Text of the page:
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Thread: Aggrieved Laguna noteholders to launch class-action suit against Peter Kwee this mont

  1. #1
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    Default Aggrieved Laguna noteholders to launch class-action suit against Peter Kwee this mont

    Aggrieved Laguna noteholders to launch class-action suit against Peter Kwee this month

    Jan 06, 2022



    OVER 200 aggrieved debenture holders and pioneer members of the Laguna National golf club have raised about S$1.1 million to launch a collective action suit against the club and its owner Peter Kwee.

    Lim How Teck, who chairs a committee building the noteholders' case, said he will be among the 5 members acting as representative plaintiffs. The suit will be launched "no later than end January 2022", he told The Business Times on Wednesday (Jan 5), after a meeting with about 120 noteholders where he presented this proposal.

    Their intended defendants are Kwee and his two companies, Laguna National Golf and Country Club, as well as Laguna Hotel Holdings.

    At the heart of this dispute is money - to the tune of tens of millions of dollars - that has not yet been paid back to debenture holders, even though the 30-year-old notes were due for redemption in June last year.

    These unredeemed notes amounted to S$70.6 million, going by Laguna National's 2020 financial statements.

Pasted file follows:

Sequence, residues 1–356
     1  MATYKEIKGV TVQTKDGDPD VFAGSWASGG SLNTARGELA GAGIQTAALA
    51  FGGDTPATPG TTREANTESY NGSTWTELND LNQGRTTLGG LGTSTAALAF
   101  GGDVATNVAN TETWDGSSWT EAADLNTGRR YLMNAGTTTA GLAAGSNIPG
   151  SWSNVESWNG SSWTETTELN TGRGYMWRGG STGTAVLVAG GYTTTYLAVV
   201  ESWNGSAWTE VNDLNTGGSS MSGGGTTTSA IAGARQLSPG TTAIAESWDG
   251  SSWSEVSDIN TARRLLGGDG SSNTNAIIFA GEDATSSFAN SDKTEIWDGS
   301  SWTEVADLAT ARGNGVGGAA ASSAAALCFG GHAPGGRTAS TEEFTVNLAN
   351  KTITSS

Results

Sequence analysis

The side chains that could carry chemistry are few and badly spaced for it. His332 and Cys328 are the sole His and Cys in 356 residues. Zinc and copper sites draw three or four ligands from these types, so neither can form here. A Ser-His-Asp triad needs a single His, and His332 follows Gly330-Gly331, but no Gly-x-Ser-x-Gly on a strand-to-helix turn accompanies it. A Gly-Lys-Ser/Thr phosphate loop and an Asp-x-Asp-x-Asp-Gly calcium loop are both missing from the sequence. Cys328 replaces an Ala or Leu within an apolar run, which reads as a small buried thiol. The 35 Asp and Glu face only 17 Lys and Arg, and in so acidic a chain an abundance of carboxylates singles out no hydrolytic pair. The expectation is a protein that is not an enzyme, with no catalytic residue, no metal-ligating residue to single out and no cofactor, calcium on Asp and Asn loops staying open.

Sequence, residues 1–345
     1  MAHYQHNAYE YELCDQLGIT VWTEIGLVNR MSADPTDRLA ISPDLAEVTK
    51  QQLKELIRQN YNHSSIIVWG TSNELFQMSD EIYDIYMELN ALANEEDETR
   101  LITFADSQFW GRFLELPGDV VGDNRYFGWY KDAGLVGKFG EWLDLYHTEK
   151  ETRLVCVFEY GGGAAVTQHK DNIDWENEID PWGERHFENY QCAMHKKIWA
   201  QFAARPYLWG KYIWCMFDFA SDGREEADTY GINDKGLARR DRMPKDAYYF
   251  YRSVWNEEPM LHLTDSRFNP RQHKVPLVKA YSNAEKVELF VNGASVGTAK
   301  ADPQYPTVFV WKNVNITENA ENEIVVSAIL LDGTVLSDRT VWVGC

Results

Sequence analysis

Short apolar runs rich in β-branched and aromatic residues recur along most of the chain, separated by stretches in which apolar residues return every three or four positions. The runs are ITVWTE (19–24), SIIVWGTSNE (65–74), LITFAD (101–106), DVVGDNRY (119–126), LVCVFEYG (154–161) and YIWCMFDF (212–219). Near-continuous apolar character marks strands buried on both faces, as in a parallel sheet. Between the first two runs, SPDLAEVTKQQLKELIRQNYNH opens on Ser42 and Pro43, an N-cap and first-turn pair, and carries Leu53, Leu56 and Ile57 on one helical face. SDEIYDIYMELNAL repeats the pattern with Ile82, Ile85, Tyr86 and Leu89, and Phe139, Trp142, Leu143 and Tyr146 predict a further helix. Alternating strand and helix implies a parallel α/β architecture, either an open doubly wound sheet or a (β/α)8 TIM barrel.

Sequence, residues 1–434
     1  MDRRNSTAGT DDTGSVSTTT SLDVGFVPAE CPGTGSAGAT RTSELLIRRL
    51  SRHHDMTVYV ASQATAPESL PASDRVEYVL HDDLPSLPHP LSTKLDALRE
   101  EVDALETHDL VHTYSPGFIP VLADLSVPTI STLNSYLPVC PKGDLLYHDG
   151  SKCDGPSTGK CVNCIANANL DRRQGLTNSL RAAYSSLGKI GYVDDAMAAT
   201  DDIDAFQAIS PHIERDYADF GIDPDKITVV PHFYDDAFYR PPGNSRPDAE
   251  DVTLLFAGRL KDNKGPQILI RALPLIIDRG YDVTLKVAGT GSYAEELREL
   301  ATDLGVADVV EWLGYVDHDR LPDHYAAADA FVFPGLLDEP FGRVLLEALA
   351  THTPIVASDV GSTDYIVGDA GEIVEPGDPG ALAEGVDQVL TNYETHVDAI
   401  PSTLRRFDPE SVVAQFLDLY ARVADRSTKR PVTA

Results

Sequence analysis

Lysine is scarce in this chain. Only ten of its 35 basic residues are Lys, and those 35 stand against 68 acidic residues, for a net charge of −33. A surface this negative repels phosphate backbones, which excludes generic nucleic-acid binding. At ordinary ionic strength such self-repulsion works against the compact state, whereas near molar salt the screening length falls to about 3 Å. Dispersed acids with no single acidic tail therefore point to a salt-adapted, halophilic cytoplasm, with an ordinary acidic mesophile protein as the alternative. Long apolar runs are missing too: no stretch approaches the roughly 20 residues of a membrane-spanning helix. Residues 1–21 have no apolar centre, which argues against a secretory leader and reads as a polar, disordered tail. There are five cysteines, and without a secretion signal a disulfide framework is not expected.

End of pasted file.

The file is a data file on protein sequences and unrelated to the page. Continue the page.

On the day before the notes were to be redeemed, Kwee had written to the trustees, stating that the club was unable to fulfil the redemption "due (to its) current financial position".

    Some noteholders are disgruntled, noting that while Kwee said Laguna National had no money to redeem the debentures, he had enough to revamp the golf course and even built a 200-room hotel, Dusit Thani Laguna, on the club grounds.

    The tycoon had bought Laguna National from its founding owners in 2001. In 2016, he transferred Laguna National's land lease to Laguna Hotel Holdings, another of his companies.

    Laguna National's 2019 financial statements showed that it had entered into a licence agreement with a "related corporation" to "occupy and use the golf courses and clubhouse" from Sep 1, 2016 to Jun 11, 2021.

    A sum of S$14.4 million was recorded in the statements' notes as the "future minimum licence fee payment" within 1 year. Monthly licence fees stood at S$600,000 from Jan 2018 to Mar 2019 and S$1.2 million from Apr 2019 to Jun 2021.

    Laguna Hotel Holdings' 2019 financial statements indicate that it had charged S$14.4 million in licence fees to "a related company".

    Lim said: "Something is not quite right. If it's a genuine business failure, we can understand. But this is not a business failure. Although the assets of Laguna National had been hollowed out, the club and Dusit Thani Laguna hotel will live on for another 20 years."

    The current land lease expires in 2040.

    Laguna National's 2019 financial statements stated that a director who is also a substantial shareholder of the company has undertaken to "provide continuing financial support" to allow it to continue operating as a going concern "in the foreseeable future".